I used Richard Hamer’s translation rather than my own. It came from a book with the title “Choice of Anglo Saxon verse’ 


As we can see from this poem, the author is not referring to the early Mediaeval English but Germanic peoples of the continent in late antiquity. The author is referring to historical groups not to his or her own cultural political group. And he or she is using them as a time reference not as an identity marker.

“since records began” “since the fall of the roman empire” “since before there was even an Englelond,” are rough loose paraphrases.

So, are there problems with modern enthusiasts describing the the dominant culture in what is now England using the phrases "early English" or "pre-conquest English"? If so, what are they?
« Last Edit: December 10, 2019, 07:29:08 PM by Horsa »

peter horn

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Re: Anglo-Saxon as a term
« Reply #24 on: December 18, 2019, 01:36:52 PM »
Im not comfortable with the term 'pre-conquest English'   :)


I prefer "Here comes the Anglo-Saxons" to "Here comes the pre-Conquest English"


see also WW 192 Page 6, just issued.


In my AS books the term "Anglo-Saxon" often appears in the title/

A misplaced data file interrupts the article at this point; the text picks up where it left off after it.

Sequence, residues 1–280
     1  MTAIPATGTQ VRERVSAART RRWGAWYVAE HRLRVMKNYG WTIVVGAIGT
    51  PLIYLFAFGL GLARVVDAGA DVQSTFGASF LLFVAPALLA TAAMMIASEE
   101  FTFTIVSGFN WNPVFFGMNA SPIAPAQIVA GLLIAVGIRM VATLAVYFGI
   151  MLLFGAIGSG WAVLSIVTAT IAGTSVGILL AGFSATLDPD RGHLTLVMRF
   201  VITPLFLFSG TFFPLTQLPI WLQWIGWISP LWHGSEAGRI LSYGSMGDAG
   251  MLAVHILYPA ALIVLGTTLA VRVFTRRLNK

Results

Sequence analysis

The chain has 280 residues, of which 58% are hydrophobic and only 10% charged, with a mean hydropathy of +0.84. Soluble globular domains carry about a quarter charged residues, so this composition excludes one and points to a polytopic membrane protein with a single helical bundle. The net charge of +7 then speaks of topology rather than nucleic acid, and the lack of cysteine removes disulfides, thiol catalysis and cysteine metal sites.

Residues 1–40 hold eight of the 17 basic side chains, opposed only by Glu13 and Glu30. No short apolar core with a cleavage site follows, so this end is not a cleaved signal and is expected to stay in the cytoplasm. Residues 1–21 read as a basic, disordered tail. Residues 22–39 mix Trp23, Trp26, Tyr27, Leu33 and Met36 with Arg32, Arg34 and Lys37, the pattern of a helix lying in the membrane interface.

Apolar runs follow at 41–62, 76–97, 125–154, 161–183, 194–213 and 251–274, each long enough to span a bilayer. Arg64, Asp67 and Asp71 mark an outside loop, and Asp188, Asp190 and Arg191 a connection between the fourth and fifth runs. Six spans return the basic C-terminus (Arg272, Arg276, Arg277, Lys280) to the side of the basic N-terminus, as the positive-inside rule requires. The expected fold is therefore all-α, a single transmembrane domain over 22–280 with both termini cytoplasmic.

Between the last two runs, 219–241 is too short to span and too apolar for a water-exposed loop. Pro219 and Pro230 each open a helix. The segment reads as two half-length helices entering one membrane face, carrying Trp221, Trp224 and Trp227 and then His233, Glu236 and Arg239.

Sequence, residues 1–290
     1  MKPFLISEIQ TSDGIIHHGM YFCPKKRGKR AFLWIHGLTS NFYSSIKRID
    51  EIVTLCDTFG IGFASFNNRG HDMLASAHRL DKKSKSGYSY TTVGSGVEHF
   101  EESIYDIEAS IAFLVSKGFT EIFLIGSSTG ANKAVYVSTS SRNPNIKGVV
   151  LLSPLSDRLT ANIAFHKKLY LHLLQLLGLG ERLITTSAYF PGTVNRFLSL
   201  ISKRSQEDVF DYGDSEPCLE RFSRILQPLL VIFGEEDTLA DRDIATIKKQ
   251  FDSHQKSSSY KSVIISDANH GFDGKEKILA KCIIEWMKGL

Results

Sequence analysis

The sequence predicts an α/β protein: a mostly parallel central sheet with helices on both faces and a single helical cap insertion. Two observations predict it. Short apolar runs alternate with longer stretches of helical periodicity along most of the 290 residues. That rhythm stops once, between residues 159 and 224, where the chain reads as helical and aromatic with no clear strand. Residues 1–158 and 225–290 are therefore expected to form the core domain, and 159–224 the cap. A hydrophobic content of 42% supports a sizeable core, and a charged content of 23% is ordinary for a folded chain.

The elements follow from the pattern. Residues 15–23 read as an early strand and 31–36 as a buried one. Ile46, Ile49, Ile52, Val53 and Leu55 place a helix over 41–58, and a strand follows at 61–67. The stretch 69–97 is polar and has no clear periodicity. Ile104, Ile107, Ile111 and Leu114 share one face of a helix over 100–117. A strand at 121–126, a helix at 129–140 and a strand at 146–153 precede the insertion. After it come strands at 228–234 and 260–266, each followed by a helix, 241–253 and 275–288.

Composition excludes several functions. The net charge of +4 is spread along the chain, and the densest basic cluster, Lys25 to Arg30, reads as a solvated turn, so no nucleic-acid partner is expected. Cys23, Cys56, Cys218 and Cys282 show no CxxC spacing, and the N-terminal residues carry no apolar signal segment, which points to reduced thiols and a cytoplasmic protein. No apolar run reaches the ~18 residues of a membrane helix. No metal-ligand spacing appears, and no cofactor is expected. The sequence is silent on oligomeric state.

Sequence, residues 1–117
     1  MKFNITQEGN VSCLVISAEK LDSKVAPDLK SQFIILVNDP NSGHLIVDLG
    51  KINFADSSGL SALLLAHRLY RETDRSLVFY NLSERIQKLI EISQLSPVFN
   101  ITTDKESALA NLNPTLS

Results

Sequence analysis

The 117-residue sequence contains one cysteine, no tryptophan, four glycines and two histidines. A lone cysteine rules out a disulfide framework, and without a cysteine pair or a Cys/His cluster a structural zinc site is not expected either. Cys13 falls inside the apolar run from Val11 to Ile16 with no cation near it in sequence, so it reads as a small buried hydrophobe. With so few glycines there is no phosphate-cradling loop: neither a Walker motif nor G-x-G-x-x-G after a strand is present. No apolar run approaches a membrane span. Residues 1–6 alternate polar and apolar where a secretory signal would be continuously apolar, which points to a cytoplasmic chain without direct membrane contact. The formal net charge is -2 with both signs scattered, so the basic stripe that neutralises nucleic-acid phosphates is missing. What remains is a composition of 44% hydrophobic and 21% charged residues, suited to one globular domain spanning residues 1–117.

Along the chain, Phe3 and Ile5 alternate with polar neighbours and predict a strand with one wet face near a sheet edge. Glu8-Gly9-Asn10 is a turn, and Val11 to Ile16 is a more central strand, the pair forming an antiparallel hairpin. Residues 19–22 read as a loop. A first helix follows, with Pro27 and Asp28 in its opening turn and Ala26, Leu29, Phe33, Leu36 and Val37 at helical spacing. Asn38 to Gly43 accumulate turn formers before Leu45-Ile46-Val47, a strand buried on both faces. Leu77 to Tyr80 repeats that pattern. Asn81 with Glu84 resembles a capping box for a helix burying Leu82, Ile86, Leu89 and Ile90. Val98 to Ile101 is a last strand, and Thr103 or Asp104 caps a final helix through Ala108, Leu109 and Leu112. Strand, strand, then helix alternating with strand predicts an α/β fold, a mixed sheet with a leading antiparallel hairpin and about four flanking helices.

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cynewulf

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Re: Anglo-Saxon as a term
« Reply #25 on: February 21, 2020, 04:36:35 PM »
Hi


Just catching up with this discussion.


I have always been very clear in my understanding of the Anglo-Saxon period, and its peoples. No need to change. The term should NOT be appropriated by American racists or as a term of no great endearment by the followers of De Gaulle who used 'les anglo-saxons' to refer to the US/UK governments of the 20th century - how many errors are there in that one ? No, Anglo-Saxon should stay as it is. What would the wokes prefer us to call Anglo-Saxon Chronicle ? My books refer to the historical period as the Anglo-Saxon period and the language as Old English. End of.


It is a sad indictment of today's society that there are too many professional offence-takers objecting to innocent terms. Leave our sleeping AS dog to lie !!  >:(

Eanflaed

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Re: Anglo-Saxon as a term
« Reply #26 on: February 22, 2020, 05:49:53 PM »
Well said Cynewulf!

cynewulf

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Re: Anglo-Saxon as a term
« Reply #27 on: March 02, 2020, 12:09:20 PM »
Thanks Eanflaed

I've just read the most absurd PC rubbish on the ISAS site. If it wasn't serious it would be hilarious.....how PC Americans tie themselves in knots trying to avoid terms which might possibly offend the over-sensitive. Well let them carry on their pointless debate. I ask again, what would these people have us call the Anglo-Saxon Chronicle ?